“Because of our realist assumptions in mathematics, we have come to believe that 15 + 20 = 35 is true. But it is evidently not true. 15 unicorns plus 20 unicorns will not get you 35 unicorns, try as you may. Of course, on the other hand, 15 turnips plus 20 turnips will result in 35 turnips, and it will do so every time. The structure of the addition table is sound, and the ‘argument’ is valid. And if unicorns existed, we would wind up with 35 of them. But this means the argument is valid, not true.” –– Douglas Wilson, “The Great Logic Fraud,” The Paideia of God, 85.

Comment: Wilson did not write this revealing essay to make the trivial point that arguments are valid (or invalid) and propositions are true (or false). He wrote it to deny that the proposition, “Fifteen plus twenty equals thirty-five” is true. Arithmetic, like logic, Wilson says, is a “great fraud.”

And Anthony C0letti added the following comment to Doug Wilson’s blog entry response:

There was a question on a e-mail list I subscribe to about whether you support a “classical education”. I’ve come to the conclusion you support a classical education while rejecting classical logic.

I posted on the list: “Wilson appears to support a classical education while rejecting classical logic by making a claim on existential import as a requirement for defining truth. 2+2=4 is not true according to Wilson because it is not linked to “real” objects. He would say 2 unicorns and 2 unicorns does not equal 4 unicorns. It seems to me that existential import is irrelevant to truth – otherwise there could be no abstract truth regarding concepts like freedom and loyalty. One could not say it is true that ‘one should love his neighbor’ because love is an abstract concept – like unicorns.”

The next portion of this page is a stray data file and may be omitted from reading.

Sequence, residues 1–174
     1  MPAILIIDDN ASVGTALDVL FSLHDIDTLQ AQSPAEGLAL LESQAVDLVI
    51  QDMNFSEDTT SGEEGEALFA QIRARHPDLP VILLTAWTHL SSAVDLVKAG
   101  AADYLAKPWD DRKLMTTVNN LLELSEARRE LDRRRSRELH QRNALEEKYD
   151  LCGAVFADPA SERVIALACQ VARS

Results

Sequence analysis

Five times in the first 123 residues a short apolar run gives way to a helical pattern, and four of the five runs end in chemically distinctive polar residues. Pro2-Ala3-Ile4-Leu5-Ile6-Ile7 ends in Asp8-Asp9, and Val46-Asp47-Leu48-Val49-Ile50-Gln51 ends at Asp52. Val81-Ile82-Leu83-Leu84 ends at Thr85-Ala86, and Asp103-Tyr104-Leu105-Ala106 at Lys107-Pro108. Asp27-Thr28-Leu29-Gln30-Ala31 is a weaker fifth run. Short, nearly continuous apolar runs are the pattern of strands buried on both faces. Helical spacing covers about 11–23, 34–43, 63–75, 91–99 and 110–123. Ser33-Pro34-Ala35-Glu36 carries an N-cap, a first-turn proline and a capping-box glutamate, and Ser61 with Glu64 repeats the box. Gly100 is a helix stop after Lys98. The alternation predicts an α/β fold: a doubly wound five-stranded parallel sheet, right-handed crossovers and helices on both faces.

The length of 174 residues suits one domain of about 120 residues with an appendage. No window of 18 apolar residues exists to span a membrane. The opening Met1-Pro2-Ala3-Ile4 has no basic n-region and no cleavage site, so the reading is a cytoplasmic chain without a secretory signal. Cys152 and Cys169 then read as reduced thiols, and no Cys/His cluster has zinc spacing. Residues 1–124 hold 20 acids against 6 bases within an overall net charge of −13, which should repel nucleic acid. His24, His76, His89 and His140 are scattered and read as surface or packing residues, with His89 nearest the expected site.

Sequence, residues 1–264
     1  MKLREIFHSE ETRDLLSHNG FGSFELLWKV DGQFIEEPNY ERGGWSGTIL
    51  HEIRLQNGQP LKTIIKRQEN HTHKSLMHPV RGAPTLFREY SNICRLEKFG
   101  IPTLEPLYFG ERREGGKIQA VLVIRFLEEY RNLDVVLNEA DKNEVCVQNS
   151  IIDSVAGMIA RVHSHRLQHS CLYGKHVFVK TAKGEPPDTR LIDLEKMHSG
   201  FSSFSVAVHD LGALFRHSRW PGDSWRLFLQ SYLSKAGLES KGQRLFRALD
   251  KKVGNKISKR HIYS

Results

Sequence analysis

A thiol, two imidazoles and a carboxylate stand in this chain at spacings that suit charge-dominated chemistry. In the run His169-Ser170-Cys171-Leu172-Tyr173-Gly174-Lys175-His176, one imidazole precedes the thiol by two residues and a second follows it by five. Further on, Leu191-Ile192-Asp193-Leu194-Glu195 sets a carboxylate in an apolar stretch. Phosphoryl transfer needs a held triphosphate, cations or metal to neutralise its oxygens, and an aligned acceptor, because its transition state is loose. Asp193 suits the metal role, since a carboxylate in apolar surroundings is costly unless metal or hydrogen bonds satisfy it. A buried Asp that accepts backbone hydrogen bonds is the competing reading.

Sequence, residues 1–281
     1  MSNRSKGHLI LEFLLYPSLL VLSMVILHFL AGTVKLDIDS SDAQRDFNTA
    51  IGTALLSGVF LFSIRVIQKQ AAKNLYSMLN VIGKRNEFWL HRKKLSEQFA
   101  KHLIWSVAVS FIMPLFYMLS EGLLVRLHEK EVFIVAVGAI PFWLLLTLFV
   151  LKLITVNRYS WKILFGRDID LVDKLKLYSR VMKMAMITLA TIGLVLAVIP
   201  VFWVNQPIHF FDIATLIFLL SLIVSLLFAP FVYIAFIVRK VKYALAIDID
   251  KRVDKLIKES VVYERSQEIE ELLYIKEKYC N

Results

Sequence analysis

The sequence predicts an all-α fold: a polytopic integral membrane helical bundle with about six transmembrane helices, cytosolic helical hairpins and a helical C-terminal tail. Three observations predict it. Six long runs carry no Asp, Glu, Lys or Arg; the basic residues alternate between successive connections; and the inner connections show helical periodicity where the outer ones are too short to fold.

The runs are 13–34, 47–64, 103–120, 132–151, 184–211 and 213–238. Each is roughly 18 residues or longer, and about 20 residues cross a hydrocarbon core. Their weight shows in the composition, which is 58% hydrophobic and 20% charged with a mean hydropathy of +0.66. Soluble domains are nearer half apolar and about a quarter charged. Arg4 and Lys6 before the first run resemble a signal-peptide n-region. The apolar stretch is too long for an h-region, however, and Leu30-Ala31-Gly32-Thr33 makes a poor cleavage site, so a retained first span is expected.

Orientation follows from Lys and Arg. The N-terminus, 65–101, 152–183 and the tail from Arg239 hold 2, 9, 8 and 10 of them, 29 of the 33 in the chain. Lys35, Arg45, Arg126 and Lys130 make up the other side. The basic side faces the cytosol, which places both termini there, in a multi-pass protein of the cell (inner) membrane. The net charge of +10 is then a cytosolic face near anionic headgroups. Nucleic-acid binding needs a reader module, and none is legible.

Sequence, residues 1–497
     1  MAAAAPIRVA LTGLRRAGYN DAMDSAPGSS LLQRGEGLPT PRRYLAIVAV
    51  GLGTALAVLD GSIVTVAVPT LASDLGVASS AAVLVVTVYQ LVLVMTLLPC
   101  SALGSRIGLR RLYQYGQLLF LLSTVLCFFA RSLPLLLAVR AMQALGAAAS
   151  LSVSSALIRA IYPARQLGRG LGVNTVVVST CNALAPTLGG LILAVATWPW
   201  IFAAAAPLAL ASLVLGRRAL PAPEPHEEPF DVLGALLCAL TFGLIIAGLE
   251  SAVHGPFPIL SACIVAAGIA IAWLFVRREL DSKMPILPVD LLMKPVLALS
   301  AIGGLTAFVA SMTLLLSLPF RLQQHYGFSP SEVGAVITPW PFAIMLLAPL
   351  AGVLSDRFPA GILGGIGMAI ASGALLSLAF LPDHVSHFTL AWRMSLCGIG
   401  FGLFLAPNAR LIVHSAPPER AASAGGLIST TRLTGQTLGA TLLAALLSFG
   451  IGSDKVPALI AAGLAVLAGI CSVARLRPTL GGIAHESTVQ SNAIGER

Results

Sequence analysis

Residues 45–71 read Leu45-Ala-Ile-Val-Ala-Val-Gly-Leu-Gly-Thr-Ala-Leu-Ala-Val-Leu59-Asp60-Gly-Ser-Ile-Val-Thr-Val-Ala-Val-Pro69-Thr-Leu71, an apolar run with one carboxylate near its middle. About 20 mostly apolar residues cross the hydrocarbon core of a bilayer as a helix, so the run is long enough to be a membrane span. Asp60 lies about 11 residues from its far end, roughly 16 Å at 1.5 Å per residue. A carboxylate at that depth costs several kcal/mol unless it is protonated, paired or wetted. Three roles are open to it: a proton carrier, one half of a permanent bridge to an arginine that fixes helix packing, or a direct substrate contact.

The Whole Truth and Nothing But the Truth

This comment in Not Reformed At All directly precedes the section discussing Wilson’s obsession with “objective” “photographability”.

See also: Doug Wilson and the Problem of Propositionalism

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12 Comments on “When Book Endorsements Backfire”

  1. Hugh McCann Says:

    Sean,

    These guys also carry Watts’ Logic w/o the troublesome endorsement. 😉 ~
    http://www.ligonier.org/store/logic-hardcover/

    One scratches one’s head that McMahon would use Wilson to plug a LOGIC book! 🙂

    {I wonder if Schwertley and his SWRB boys would question even using Watts on logic, who is vilified for his bastardizing of the Psalms.}

    Another logical blunder was this by a Reformed magazine: “we must say that God transcends logic.” Oh. ~
    http://www.trinityfoundation.org/horror_show.php?id=20

  2. Hugh McCann Says:

    Oops; I mean Brandon (& Sean).

  3. LJ Says:

    I assume you guys have read this … I had not until just now:

    Wilson comments:
    “”Ah, but there is more. In that essay, I went on to say (in the very next sentence) that “15 unicorns plus 20 unicorns will not get 35 unicorns, try as you may. Of course, on the other hand, 15 turnips plus 20 turnips will result in 35 turnips, and it will do so every time. The structure of the addition table is sound, and the “argument” is valid. And if unicorns existed, we would wind up with 35 of them. But this means the argument is valid, not true” [emphasis added]. I was talking about truth and validity (an elementary distinction in logic, one we teach to our 8th graders), not truth and falsity, or truth and relativism.